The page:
- The Washington Times - Thursday, August 13, 2015

RICHMOND — Josh LeRibeus practiced snapping a football to Kirk Cousins near the goal line during the Washington Redskins training camp practice session on Tuesday. While the rest of the offensive linemen were running drills against the defense, LeRibeus snapped the ball, over and over, to Cousins.

At one point, Cousins called him back, demonstrating the way to place his hand on the football before LeRibeus put his hand down once again. The next time he did, LeRibeus had his thumb on the laces instead of his fingers.

“They actually had me do a little different snap today to get it back to their hand a little different,” LeRibeus said. “I’m like, ‘Well, you could have told me that three months ago!’ But no, it’s fine, it’s going well.”

LeRibeus is making up for some lost time. Three years ago, as a rookie, then-coach Mike Shanahan told him that he would never play center and was, as LeRibeus put it, “just a guard.” Though he had been drafted in the third round with the intention that he could play either position, Shanahan quickly lost faith in LeRibeus‘ ability to play center.

Three years later, with Jay Gruden now at the helm, offensive line coach Bill Callahan reversed that call.

“I literally didn’t touch the ball for like two years, I didn’t ever think it was going to happen,” LeRibeus said. “And then a week after OTAs started, Callahan was like, ‘All right, you’re a center now,’ And I was like, ‘Well, all right, here we go, it’s been fun.’”

Playing center has increased his value to the team because he can take reps at both center and at both guard positions.

His path to making the 53-man roster got a little easier when the team released starting right guard Chris Chester in June. Chester also served as the team’s backup center.

“We are trying to balance out the board, trying to get as much exposure as we can, build our depth, and just have those contingencies in place when you need them, because they are forthcoming,” Callahan said earlier in training camp. “Injuries happen, they occur, and the more a player can do, the more versatile he is and the more position flex he’s got, the better served we are.”

LeRibeus has played at both positions during training camp, usually taking reps with the second string. He’s spent time with the starters when starting center Kory Lichtensteiger is given a day to rest, which happened twice in the first 11 days.

He’s also still learning how to play center. LeRibeus said that the first time anyone ever asked him to snap a football was when he was preparing for the draft.

“I didn’t touch the ball in college,” LeRibeus said. “First time I even touched it was, I think, Cleveland’s offensive line coach came over and had me snap the ball. I was like, ‘I don’t know what I’m doing! But OK, here we go.’”

“He was like, ‘Get it back further!’ And I was like, ‘OK, yeah, I’m just a little rusty,’” LeRibeus said, chuckling.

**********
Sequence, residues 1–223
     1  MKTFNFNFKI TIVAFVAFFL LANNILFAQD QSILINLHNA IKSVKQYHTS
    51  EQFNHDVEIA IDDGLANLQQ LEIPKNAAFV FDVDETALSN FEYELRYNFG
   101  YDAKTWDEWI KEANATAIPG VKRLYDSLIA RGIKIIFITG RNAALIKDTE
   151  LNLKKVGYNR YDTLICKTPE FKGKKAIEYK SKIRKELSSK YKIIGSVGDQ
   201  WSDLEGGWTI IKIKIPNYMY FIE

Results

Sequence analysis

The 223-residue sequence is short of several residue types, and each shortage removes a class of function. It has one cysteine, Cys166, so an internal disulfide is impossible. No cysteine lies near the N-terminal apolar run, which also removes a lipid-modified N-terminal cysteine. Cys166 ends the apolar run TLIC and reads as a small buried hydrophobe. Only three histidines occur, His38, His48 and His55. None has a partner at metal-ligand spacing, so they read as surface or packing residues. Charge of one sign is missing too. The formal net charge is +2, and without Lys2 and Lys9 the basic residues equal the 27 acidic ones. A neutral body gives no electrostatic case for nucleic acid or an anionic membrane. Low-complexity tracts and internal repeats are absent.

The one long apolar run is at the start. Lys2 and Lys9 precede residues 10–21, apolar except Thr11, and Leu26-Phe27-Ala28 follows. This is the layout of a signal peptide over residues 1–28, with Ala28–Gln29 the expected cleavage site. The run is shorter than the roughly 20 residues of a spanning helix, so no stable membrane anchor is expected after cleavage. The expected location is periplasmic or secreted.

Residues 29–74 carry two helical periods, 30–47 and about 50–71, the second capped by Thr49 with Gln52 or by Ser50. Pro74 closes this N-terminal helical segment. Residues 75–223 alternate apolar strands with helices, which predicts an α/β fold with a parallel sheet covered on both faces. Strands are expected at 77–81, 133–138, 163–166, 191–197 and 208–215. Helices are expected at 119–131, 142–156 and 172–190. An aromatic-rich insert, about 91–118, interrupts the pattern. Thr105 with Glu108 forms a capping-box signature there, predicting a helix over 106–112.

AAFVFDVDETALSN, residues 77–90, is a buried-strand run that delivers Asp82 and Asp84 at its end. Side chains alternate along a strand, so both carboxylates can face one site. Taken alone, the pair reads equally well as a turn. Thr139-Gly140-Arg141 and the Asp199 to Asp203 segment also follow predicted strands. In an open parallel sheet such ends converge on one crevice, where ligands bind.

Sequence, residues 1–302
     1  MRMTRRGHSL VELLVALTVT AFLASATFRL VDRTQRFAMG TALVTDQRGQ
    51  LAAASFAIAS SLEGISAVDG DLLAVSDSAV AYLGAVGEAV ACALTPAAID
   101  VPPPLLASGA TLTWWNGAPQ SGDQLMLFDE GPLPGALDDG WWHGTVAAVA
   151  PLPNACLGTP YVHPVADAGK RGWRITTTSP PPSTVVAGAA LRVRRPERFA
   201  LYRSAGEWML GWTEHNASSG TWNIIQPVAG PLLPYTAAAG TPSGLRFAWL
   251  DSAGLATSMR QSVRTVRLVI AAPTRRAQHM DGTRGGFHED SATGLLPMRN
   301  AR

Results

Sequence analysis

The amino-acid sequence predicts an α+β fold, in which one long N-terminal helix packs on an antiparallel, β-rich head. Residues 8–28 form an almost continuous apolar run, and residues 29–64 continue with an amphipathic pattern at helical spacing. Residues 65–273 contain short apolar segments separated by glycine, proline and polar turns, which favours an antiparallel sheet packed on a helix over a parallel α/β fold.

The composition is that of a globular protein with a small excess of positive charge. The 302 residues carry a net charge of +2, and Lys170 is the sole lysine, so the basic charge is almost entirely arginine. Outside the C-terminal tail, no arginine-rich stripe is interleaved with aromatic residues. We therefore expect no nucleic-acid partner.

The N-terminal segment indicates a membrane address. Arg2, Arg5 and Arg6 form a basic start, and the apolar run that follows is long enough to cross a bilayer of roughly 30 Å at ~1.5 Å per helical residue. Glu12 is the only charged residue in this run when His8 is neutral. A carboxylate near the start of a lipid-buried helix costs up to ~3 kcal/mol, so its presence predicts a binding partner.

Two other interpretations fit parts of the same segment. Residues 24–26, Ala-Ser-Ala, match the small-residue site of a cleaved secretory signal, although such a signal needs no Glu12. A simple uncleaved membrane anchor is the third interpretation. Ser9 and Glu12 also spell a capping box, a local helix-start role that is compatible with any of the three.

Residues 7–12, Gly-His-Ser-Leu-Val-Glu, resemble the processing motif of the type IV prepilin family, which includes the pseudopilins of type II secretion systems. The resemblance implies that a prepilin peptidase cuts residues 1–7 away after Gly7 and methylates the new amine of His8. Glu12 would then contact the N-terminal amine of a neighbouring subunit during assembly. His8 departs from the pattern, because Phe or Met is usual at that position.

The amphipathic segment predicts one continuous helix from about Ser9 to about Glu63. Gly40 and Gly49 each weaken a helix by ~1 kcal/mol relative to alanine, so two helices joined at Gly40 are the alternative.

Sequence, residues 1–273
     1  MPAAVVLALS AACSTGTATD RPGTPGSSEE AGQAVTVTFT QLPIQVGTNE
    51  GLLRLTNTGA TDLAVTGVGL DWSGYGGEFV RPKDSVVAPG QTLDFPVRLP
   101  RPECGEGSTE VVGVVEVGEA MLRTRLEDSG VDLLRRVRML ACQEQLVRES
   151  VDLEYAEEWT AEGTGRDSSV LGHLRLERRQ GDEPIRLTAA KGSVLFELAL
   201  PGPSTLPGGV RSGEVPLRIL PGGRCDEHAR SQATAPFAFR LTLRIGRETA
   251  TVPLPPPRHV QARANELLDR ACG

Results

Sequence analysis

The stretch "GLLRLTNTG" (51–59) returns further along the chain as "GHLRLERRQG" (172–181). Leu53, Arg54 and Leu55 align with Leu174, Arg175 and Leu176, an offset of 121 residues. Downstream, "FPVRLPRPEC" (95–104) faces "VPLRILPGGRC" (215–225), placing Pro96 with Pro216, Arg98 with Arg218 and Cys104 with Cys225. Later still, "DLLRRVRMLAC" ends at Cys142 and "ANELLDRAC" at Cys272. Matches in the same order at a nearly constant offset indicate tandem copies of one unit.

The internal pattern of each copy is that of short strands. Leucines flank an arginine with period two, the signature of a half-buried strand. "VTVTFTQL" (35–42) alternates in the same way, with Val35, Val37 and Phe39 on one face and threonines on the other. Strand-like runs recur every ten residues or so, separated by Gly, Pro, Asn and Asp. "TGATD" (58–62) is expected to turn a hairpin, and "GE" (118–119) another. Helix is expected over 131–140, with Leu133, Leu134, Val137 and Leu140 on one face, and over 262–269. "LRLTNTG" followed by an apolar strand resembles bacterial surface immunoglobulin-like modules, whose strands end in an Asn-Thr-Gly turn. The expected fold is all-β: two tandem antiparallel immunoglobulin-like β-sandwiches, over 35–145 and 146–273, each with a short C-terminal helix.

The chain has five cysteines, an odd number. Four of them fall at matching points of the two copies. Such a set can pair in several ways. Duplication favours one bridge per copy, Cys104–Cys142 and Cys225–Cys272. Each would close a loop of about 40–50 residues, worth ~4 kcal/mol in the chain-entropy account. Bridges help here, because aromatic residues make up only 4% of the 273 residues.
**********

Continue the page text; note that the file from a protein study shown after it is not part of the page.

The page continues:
Most of what he has to learn is in the playbook, memorizing calls and recognizing different fronts. Twice during drills on Tuesday, LeRibeus hesitated before he snapped the ball, not getting it out of his hand fast enough for the quarterback.

But Gruden said that he is happy with the progress he has seen from LeRibeus and is giving him time to adapt before getting too critical.

“It’s a tough position, man,” Gruden said earlier in training camp. “There’s a lot of calls and a lot of things a center has to take care of pre-snap. It’s brand new to him, let alone the snaps and the shotgun snaps have been efficient.”

One thing LeRibeus has going for him is that he fits the system that Gruden, Callahan and general manager Scot McCloughan want to run, with additional power and fewer zone-blocking schemes. At 6-foot-2 and 315 pounds, he’s physically suited for that kind of offense, one of the first times that LeRibeus‘ body has worked in his favor.

LeRibeus appeared in five games during his rookie season but missed all of 2013 due to struggles with his weight. When he showed up to camp he was 30 pounds too heavy with his athleticism badly diminished.

Then, in February 2014, he was diagnosed with ulcerative colitis, a chronic disease which causes inflammation and ulcers in the digestive tract. Three games into last season he got a stomach infection that caused him to lose 25 pounds and struggle with his weight all year.

Going into this season, LeRibeus has played in just 12 NFL games and has started one. He is also entering the final year of his rookie contract, so the pressure is on to show the team that he was worth the third-round pick they spent on him in 2012.

“I want to be a starter but if that can’t happen, obviously, just finding my role,” LeRibeus said. “Right now, I’m liking center. And just getting to know as much of the offense as possible to be ready when the time comes.”

Now that he is healthy, has gotten his weight back up, and feels like his team is dedicated to developing him, all signs point to LeRibeus‘ time coming this season.

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